My grandparents, as told by my mother:

My father, Ernest F. Stephens (always called "Steve") was born in London, January 1909, the son of a Welsh coal-miner turned construction worker and an Irish farm girl who went to London and worked as a domestic servant in an upper-class household. Dad was the youngest of seven children (4 girls, 3 boys, in that order.) He completed high school at 14 but college or university was not available to him so he joined what was then the Royal Flying Corps intent on improving himself. (1923) He became what was called an "aircraft fitter" which was in essence a mechanic, and learned to fly in a Sopwith Camel. In 1928 he considered returning to civilian life but the depression had started and his father, brothers and brothers-in-law were all unemployed, so he re-enlisted and was promptly posted to the Middle East and bounced around that area from station to station for several years, during which time he learned Arabic and Farsi as well as French, and learned as much as he could about the history and culture of Persia (now Iran) Iraq, Lebanon, Syria and the Holy Land. He even read the Quran. He also went India returning to England in 1935. By then he was a sergeant in what was now called the Royal Air Force. The same year he met my mother and they married in February 1936.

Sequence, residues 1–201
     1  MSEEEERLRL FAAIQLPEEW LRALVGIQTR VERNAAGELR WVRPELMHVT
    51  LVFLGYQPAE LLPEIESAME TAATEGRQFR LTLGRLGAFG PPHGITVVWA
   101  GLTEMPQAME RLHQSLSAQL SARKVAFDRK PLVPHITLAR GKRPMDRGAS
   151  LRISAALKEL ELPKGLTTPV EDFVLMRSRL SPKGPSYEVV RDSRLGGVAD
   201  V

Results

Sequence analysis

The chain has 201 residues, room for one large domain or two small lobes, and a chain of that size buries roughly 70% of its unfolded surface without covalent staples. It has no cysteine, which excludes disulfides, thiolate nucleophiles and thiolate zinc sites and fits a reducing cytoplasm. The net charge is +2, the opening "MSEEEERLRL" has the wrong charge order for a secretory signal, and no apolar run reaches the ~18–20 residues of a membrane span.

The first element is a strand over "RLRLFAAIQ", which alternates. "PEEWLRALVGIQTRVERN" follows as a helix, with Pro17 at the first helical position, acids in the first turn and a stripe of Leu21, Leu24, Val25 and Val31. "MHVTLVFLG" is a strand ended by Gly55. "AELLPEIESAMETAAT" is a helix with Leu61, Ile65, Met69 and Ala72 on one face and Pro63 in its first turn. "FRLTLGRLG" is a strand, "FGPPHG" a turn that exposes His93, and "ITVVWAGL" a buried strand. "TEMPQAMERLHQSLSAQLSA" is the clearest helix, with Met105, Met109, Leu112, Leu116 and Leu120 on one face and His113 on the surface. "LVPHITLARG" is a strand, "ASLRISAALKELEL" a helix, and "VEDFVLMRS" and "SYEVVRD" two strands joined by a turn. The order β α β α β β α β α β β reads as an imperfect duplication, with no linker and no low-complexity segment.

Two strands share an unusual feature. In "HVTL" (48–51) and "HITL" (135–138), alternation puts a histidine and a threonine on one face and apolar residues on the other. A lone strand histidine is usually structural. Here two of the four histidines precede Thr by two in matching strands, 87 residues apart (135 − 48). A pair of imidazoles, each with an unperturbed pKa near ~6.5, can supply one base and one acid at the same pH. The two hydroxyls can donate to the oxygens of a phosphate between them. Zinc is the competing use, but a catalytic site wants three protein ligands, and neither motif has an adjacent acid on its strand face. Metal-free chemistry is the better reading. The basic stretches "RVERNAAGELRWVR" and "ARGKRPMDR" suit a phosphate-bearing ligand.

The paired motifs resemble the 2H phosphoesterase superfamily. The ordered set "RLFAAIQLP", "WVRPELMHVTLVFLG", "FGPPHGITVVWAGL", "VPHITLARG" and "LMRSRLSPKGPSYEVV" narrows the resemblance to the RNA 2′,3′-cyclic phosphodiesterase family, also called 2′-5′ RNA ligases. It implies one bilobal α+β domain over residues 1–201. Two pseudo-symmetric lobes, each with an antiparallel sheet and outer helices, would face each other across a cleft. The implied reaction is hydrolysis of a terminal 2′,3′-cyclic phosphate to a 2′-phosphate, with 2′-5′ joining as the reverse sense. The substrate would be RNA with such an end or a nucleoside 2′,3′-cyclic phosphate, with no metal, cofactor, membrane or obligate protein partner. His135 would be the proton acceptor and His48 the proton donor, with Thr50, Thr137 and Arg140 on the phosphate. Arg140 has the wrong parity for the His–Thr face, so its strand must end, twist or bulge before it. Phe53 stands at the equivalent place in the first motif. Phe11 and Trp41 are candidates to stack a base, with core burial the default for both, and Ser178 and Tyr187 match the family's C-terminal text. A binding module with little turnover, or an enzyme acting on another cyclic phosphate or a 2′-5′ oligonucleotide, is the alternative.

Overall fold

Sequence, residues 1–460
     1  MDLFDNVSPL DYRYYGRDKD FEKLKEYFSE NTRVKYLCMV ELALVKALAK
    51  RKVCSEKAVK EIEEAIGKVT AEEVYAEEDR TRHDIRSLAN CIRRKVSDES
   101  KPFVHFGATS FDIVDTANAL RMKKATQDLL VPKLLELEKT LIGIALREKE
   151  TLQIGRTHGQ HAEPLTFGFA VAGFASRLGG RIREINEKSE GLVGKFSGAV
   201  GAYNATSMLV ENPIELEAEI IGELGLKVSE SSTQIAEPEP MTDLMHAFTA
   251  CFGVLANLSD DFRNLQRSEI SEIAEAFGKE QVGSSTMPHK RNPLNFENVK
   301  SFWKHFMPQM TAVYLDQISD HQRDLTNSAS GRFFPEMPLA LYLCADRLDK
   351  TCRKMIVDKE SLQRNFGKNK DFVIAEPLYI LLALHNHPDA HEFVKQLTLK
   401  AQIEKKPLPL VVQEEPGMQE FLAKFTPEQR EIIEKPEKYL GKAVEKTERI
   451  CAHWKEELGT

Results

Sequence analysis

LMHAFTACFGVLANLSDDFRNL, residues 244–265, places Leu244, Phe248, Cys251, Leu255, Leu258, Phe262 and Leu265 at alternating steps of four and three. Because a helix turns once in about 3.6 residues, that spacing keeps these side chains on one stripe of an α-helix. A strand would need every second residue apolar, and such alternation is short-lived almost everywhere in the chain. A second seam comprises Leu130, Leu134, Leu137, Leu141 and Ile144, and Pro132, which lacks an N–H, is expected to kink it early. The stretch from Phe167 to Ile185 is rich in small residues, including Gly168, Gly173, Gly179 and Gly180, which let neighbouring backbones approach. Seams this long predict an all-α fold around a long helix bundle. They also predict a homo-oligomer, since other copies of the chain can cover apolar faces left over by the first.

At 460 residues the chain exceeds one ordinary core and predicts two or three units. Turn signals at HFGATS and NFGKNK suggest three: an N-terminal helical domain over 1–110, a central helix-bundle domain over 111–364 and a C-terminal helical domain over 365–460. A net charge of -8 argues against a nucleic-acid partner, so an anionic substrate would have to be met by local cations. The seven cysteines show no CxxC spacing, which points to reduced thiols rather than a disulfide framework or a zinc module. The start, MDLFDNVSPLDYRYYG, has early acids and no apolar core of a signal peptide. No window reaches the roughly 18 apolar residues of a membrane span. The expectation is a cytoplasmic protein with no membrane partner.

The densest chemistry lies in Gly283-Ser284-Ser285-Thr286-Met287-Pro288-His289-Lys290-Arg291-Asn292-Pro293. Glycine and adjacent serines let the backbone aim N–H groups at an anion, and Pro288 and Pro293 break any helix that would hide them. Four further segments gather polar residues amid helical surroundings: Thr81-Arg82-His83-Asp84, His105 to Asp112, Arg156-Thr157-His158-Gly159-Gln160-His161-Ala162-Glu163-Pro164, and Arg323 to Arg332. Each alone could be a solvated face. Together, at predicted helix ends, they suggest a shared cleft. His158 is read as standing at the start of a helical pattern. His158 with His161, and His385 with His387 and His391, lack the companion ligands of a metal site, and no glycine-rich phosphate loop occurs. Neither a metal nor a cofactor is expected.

My mother's name was Dorothy May Maidlow, although she was always called Shirley by her siblings, and her parents were refugees from Europe (German father, French mother) who came to England in 1915. My mother was actually born in Lugano, Switzerland, (May 1915) as her parents were on their way out of Europe. She was also the youngest child of her family, the 13th. Her father died when she was only eight and her mother when she was 15, so she went to live with one of her older sisters who was married. She had no formal education beyond high school but was very bright and a fine pianist and water-colour artist. When she married my father she did what was considered normal at the time and became a full-time homemaker. Told that she could have no children, in 1937 she and my father adopted my older brother, (also nicknamed Steve when he joined the Royal Navy at the age of 15).

In 1938 when Nazism was making life very difficult for German Jews, my parents fostered half a dozen Jewish refugee children who had been separated from their parents. (Luckily, in the end, all were reunited) When WW2 began in 1939, my brother was one of thousands of children from Britain's main cities who were sent to live in Wales to keep them safe from expected air-raids. (As it turned out, he was cared for by a family who spoke no English so when he returned home he spoke only Welsh and had to learn English all over again.)